I think BoB was a dream come true for the producers. They had ironclad characters to follow all the way through, and many of the men were still alive and took part in it. The story of Easy company had been put into book form, brilliantly. They didn't have that with The Pacific. The closest they could come was to base it all around three separate men; Robert Leckie,Eugene Sledge and John Basilone. The three men's paths crossed, some,but they did not belong to the same units or know each other, although Leckie and Sledge both knew Basilone's reputation.

As brutal and difficult as the war in Europe was, the Pacific war against the Japanese was almost incomprehensible. Except for their time in Australia, following Guadalcanal, they were fighting the most brutal fights in history, while in the most punishing places on earth.It is a wonder that any of them were ever able to return to civilization and dull the memories of those horrors enough to lead a more or less normal life.

Because of the brutality of both the enemy and the conditions they had to live and fight under, there isn't much in the way of light-heartedness. The Pacific is not as enjoyable as BoB. Anyone seeing it for the first time should not expect to be entertained. It is a bit more difficult to get into. I found it helpful to watch the first episode twice before going on. A little patience in getting to know the primary characters payed off. I also think being able to watch it all over the course of a few days, like I did, was much better than watching it as it was first presented, one episode each week for ten weeks.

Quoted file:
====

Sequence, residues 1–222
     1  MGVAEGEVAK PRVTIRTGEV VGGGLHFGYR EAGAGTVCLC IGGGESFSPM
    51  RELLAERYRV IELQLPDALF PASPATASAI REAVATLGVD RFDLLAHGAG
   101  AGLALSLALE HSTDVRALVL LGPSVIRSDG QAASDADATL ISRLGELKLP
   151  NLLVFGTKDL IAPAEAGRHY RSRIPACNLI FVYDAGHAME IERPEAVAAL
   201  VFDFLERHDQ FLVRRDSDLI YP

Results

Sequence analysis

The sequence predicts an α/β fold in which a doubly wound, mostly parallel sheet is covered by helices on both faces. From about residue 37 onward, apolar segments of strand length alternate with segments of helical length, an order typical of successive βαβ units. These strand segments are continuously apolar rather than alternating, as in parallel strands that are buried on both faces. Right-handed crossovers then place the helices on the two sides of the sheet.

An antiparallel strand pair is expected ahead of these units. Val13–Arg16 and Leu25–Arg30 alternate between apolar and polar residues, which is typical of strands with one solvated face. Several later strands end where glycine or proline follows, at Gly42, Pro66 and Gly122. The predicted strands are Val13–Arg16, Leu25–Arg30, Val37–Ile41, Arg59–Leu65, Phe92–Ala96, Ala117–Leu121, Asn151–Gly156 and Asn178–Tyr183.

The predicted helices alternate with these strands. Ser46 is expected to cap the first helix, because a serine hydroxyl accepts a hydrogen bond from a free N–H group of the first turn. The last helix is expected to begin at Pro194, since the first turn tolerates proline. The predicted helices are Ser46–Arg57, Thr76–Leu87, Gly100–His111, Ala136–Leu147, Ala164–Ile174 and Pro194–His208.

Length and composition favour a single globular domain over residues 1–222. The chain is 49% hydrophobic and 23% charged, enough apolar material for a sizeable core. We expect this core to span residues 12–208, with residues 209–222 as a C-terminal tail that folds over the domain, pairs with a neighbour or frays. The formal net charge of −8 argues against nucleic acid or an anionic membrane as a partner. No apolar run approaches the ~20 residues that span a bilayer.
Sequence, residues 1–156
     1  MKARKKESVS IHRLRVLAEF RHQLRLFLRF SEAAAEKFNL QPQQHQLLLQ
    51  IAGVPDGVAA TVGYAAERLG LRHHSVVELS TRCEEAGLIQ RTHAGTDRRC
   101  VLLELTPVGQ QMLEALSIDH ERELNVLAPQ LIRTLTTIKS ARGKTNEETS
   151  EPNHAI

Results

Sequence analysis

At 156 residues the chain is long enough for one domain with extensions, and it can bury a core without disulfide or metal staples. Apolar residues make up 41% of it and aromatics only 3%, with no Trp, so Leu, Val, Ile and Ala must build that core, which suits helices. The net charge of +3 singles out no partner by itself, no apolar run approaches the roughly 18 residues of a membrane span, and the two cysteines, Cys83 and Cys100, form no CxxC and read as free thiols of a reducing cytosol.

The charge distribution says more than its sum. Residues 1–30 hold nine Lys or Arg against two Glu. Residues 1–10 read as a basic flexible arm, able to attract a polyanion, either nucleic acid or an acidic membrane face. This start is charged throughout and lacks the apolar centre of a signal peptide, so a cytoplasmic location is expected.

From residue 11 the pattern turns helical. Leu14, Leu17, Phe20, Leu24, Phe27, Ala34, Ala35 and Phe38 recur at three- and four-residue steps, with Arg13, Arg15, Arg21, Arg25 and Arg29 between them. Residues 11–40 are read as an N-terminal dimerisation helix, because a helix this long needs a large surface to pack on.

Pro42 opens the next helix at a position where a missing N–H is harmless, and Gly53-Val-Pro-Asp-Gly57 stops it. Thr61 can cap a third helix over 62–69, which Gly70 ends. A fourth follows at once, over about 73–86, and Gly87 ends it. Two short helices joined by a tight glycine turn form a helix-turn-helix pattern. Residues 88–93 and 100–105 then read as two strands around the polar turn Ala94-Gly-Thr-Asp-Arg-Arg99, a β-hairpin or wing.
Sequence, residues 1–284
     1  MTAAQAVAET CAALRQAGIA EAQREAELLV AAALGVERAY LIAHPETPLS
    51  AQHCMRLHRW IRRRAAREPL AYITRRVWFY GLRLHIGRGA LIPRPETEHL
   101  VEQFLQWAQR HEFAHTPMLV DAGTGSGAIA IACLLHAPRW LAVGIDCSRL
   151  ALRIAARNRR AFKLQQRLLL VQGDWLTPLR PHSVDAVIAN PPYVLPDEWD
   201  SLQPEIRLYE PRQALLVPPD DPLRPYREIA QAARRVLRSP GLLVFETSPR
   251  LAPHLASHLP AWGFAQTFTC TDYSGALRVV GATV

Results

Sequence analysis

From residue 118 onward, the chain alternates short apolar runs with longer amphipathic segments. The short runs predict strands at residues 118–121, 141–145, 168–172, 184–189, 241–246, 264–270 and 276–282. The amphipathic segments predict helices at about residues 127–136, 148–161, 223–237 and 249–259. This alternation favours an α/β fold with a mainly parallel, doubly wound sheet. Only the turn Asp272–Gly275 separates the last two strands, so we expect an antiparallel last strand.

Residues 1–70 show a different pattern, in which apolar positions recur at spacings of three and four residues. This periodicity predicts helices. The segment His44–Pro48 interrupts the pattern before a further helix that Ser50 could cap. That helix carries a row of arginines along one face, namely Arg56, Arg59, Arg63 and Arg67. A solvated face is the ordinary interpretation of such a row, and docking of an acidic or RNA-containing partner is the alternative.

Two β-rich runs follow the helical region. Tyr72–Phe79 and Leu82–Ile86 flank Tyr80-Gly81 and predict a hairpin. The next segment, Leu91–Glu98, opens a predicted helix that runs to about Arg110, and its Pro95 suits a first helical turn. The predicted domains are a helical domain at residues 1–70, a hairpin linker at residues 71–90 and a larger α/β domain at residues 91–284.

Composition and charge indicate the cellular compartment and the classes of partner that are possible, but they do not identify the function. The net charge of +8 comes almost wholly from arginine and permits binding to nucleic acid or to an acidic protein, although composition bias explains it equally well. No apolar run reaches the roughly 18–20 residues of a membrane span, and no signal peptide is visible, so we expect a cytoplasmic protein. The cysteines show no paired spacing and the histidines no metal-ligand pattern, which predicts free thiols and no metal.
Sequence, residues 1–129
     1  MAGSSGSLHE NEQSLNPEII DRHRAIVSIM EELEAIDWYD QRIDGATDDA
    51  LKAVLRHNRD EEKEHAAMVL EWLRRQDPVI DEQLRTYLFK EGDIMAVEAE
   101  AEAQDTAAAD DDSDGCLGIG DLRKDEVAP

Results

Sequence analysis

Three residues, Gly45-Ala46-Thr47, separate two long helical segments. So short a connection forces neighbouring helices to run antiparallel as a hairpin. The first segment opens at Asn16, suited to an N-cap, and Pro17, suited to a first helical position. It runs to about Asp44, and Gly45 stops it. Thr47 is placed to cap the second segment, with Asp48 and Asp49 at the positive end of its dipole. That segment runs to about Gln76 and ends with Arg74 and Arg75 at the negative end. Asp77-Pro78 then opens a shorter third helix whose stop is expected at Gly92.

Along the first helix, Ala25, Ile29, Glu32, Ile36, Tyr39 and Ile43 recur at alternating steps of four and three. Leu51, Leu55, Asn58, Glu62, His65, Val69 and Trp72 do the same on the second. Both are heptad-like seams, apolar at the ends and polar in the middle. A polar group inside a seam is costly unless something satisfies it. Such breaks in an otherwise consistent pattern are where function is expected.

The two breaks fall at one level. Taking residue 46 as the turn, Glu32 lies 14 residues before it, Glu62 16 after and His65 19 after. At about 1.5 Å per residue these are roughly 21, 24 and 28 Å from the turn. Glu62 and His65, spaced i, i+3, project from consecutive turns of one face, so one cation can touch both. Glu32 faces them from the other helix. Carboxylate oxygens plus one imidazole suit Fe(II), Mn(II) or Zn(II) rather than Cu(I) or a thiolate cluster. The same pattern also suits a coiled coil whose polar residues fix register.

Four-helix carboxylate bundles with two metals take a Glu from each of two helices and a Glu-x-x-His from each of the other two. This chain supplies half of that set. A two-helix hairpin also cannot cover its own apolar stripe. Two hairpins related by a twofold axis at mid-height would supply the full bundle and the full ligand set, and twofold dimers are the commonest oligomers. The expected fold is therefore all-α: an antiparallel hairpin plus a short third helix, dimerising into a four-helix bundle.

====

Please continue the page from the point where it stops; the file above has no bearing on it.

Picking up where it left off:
There were some excellent performances in The Pacific. Someone else singled out Ravi Malek's portrayal of Merriel "Snafu" Sheldon as award worthy and I agree 100%! I loved William Sadler as LtCol. Lewis "Chesty" Puller, and I was also very impressed with Tom Budge as PFC Ronnie Gibson.

The three primary characters are portrayed worthily. I didn't think Joe Mazzello as Sledge developed his character as well as the other two. However, I ended up with only nine episodes on my DVR. The one I am missing is episode five, which I suspect is centered on Sledge, so perhaps the character will seem better developed to me after I see it. Jon Seda gave a fine performance as John Basilone, which was definitely the roll of a lifetime! I think my favorite of the three was James Badge Dale, as Bob Leckie.